Quebec plan to help caribou will not save the species, warn biologists and experts


Measures proposed by the Quebec government to help protect its dwindling caribou herds will make no difference in the short term, say biologists, who cite a lack of will to create protected areas for the species.

There are currently only 5,252 woodland or mountain caribou left in Quebec. There are only seven left in Val-d’Or. The Charlevoix and Gaspésie herds — numbering 16 and 35 caribou respectively — are also on the brink of extinction.

Federal Environment Minister Steven Guilbeault previously sent an ultimatum to the Legault government, requesting all information regarding measures to protect Quebec caribou and their habitat by April 20.

However, Radio-Canada has learned that the Quebec plan was not sent until mid-June and was deemed deficient by the federal government.

Without a sufficient plan, Guilbeault had threatened to use an order in council to impose measures under the Species at Risk Act. The provision has never been used in Canada and, once in force, it can remain in force for five years.

The federal government would theoretically take charge of approximately 35,000 square kilometres, or 2.3% of the entire territory of Quebec, to protect the species.

Biologists who have seen Quebec’s proposed plan say Ottawa may need to intervene, due to a reluctance to act on the part of the provincial government.

Woodland caribou were placed in a pen in Val-d’Or in March 2020. (Ministry of Forests, Wildlife and Parks of Quebec)

The plan will not ensure survival: expert

Radio-Canada obtained a copy of the measures proposed by the Ministry of Forests, Wildlife and Parks (MFFP) as part of its discussions with Environment Canada.

The nine-page document proposes several measures, including the dismantling of certain forest roads, the development and maintenance of caribou enclosures, the control of predators and the remote monitoring of herds.

Biology experts specializing in caribou told Radio-Canada that the absence of new protected areas, which would allow the government to protect the mature forests where caribou live, was concerning.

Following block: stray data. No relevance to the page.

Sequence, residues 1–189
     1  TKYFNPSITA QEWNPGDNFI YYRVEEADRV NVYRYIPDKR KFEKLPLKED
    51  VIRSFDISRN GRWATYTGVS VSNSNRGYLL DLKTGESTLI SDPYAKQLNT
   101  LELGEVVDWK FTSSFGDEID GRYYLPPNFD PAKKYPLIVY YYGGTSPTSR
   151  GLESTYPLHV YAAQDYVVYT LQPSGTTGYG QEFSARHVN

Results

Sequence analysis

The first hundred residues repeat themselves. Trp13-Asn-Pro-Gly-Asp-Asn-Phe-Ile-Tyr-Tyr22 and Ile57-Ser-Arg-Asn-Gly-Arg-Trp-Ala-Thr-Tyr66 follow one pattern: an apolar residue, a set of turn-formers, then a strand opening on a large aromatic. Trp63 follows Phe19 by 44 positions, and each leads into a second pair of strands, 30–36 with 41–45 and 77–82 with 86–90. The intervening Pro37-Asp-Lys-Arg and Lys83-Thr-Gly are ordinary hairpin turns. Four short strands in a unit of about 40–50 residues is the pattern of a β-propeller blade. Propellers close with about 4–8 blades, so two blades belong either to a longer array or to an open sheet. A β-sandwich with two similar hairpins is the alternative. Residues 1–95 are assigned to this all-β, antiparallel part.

“It does not clearly show that we are going to protect as many square meters of woodland, as many square kilometers of forest,” said Martin-Hugues St-Laurent, professor of animal ecology at the University of Quebec at Rimouski.

St-Laurent said forest protection is “the elephant in the room” and that until there is a real strategy for it, Quebec “is not tackling the problem head-on.”

Some caribou habitats have been seriously damaged by human disturbances, particularly by the presence of logging roads and logging operations. (Courtesy of Jean-Simon Bégin)

Earlier this year, the Quebec government commissioned an independent commission committee of experts launch a series of regional public hearings, aimed at formulating recommendations to “protect caribou habitats and limit the socio-economic impacts of this protection”, such as the forestry industry. He is due to submit his findings to the government this summer.

Some caribou habitats have been seriously damaged by human disturbances, particularly by the presence of logging roads and logging operations.

But the Quebec plan is effectively “the status quo, carried out with very little ambition to ensure the survival and recovery of the species,” concluded Mr. St-Laurent.

Quebec wants to retain its jurisdiction

Quebec Premier Francois Legault said Quebec should retain exclusive provincial jurisdiction over woodland caribou management.

But Alain Branchaud, executive director of the Society for Nature and Parks (SNAP Quebec), said the provincial government must do more to prevent the federal government from intervening.

“If the Quebec government wants to maintain its leadership in caribou protection, it must move forward with the protection of the territory and provide the necessary resources,” he said.

Joined by Radio-Canada, the MFFP defended the plan, saying each point is listed as a short-term solution, while a series of other medium- and long-term measures will be incorporated into the future habitat protection strategy. .

The ministry did not explain why no protected areas were proposed in the document.


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